No there could be no balance between stats. Never. Some stats are more usefull for certain class, some stats are less usefull, but there is never a situation that every 10 fighters in order to be optimized will have same stats. Absolutely not, cause beyond main role (fighter) there are 10s of subroles that require different stats.

Oh?

 

Two-handed damage dealer fighter is one type,

STR 18 CON 18 DEX 14 INT 3 WIS 3 CHA 3. Power Attack, Cleave, Great Cleave, Weapon Focus: Greatsword, Weapon Specialization: Greatsword, Improved Critical: Greatsword.

 

dual-wealding fighter is another type,

STR 18 CON 18 DEX 14 INT 3 WIS 3 CHA 3. Ambidextrity, Two-Weapon Fighting, Improved Two-Weapon Fighting, Weapon Focus: Scimitar, Weapon Specialization: Scimitar, Improved Critical: Scimitar.

 

archer-fighter is third type,

Yes, he is! In fact I would like P:E to support the archer-fighter, with no animal companion. Note to self: write a note in the Classes thread.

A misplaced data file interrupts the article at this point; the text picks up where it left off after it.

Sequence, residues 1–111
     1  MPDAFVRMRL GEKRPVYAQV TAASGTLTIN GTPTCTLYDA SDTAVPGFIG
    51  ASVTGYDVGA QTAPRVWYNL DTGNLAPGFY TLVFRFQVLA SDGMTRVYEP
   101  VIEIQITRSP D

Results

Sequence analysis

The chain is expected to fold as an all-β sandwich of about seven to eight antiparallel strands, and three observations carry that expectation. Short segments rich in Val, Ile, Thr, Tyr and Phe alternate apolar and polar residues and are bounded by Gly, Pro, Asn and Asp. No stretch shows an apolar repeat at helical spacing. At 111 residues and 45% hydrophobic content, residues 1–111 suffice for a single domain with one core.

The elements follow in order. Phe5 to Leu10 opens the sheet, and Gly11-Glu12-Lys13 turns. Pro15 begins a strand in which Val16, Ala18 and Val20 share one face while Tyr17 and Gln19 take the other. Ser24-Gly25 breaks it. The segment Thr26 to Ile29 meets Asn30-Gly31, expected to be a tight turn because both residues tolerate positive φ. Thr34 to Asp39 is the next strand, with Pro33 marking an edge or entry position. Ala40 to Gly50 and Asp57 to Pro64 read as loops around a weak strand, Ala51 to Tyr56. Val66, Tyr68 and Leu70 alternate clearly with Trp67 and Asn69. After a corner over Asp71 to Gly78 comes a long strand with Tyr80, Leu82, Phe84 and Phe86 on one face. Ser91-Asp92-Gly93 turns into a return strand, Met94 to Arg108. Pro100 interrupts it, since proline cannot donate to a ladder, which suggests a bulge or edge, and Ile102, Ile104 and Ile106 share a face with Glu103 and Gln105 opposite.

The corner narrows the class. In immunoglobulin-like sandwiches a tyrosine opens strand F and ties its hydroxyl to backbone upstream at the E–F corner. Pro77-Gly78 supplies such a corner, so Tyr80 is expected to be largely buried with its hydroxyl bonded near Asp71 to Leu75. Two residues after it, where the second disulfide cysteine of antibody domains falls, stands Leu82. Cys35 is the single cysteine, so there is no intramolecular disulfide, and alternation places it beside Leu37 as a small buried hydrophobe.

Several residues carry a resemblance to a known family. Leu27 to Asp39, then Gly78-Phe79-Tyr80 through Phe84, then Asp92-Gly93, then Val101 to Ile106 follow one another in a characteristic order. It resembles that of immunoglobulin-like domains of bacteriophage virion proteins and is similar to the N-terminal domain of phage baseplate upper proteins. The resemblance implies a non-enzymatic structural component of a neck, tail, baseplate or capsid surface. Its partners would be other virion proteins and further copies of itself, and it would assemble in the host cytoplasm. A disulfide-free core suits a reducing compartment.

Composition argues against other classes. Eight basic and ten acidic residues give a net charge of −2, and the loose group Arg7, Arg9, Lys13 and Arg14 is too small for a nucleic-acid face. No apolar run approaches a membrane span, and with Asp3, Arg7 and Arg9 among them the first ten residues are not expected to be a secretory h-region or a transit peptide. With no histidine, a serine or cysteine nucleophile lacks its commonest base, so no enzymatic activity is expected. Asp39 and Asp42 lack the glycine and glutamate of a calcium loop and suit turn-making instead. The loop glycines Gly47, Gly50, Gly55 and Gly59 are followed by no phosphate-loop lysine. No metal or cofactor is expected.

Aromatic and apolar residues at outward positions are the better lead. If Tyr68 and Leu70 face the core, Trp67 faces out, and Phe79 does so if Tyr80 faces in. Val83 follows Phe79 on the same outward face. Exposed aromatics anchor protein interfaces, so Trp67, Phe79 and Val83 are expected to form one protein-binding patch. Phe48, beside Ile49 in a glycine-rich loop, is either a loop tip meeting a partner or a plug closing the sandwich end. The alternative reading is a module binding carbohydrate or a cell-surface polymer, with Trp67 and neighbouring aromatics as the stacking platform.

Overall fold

STR 18 CON 14 DEX 18 INT 3 WIS 3 CHA 3. Point-blank shot, Rapid shot, Multi-shot. Weapon Focus: Longbow. Weapon Specialization: Longbow. Improved Critical: Longbow.

 

Spellcater-bane fighter is 4th type,

STR 18 CON 16 DEX 16 INT 3 WIS 3 CHA 3. Dodge, Mobility, Spring Attack, Weapon Focus: Greatsword, Weapon Specialization: Greatsword, Improved Critical: Greatsword.

 

tank fighter is 5th type,

Yeah, this one's fun.

 

STR 7 CON 18 DEX 15 INT 13 WIS 3 CHA 3. Combat Expertise, Improved Combat Expertise, Dodge, Mobility, Spring Attack, Weapon Finesse.

 

He'll never do much damage, but boy is he hard to hit.